Taliban’s isolation makes Afghan earthquake response harder

KABUL (HRNW) – A devastating earthquake in eastern Afghanistan, which killed at least 1,000 people and flattened homes in remote villages close to the Pakistani border, poses the biggest challenge yet for the Taliban since they seized power nearly a year ago.

The hardline Islamist group is governing an impoverished country beset by severe drought, widespread hunger and economic crisis and where the effects of decades of conflict are still keenly felt.

A regional offshoot of Islamic State has also claimed several major attacks, challenging Taliban promises to bring peace and stability to Afghanistan once it had defeated Western-backed troops and forced NATO soldiers to withdraw.

Now the earthquake risks exposing the limitations of an administration largely isolated from the outside world and desperately short of cash and resources.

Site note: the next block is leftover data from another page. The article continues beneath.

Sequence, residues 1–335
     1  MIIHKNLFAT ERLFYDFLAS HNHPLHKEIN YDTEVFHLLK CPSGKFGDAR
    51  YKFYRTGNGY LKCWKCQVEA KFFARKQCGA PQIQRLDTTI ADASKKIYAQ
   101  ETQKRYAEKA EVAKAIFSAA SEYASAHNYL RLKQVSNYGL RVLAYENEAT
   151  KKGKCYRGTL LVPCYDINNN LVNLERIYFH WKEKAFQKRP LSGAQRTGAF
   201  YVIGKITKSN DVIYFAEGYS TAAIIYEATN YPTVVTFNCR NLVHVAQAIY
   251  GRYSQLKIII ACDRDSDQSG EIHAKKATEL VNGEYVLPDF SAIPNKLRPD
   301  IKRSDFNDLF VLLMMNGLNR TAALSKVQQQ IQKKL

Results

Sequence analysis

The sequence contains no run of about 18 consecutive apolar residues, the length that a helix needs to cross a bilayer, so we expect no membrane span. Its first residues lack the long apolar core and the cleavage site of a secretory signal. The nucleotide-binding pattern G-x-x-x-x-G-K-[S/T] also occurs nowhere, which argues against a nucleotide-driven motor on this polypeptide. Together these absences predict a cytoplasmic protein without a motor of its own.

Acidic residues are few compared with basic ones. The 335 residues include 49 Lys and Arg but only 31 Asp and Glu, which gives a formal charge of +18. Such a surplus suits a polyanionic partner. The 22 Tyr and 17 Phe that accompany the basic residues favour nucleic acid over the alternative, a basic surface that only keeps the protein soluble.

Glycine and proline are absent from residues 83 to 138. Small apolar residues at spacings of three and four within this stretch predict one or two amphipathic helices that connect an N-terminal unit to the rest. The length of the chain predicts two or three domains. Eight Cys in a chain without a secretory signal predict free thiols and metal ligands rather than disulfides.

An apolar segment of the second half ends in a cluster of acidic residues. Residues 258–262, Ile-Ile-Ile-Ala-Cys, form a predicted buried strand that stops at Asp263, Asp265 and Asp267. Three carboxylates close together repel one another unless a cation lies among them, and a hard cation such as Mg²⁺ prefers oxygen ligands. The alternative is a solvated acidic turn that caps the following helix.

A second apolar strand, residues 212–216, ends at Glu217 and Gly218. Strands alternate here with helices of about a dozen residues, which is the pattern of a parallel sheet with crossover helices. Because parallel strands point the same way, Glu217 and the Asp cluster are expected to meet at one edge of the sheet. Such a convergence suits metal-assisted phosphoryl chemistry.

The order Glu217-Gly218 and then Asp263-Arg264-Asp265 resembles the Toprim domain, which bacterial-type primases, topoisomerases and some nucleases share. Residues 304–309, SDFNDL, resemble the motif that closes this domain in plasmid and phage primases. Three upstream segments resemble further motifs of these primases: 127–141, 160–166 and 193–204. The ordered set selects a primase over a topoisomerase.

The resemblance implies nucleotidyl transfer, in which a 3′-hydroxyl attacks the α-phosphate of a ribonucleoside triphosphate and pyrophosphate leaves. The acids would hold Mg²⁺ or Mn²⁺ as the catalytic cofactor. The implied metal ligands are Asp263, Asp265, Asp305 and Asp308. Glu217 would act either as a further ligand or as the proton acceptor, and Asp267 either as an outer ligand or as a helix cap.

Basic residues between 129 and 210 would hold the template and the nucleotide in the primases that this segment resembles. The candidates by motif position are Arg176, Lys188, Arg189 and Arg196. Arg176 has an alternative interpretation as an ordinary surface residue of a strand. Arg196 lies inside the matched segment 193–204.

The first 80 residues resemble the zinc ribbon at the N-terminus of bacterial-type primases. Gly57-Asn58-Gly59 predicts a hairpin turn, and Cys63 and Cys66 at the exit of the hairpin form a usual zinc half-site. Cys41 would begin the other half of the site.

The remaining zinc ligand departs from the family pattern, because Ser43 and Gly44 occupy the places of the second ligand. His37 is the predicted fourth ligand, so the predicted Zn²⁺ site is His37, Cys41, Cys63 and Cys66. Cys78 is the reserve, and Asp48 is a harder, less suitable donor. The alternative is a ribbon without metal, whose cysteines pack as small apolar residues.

While humanitarian assistance continues to flow, aid needed for longer-term development in Afghanistan was halted when the Taliban stormed Kabul last August.

Further angering the Taliban, billions of dollars in Afghan reserves also remain frozen overseas as the West pushes for concessions on human rights, particularly for girls and women.

“The sanctions imposed after the Taliban takeover … and the economic collapse will make it incredibly difficult to respond with necessary medical and food aid, and to support reconstruction,” said Ashley Jackson, co-director of the Centre on Armed Groups and an expert on the relationship between the Taliban and civilians.

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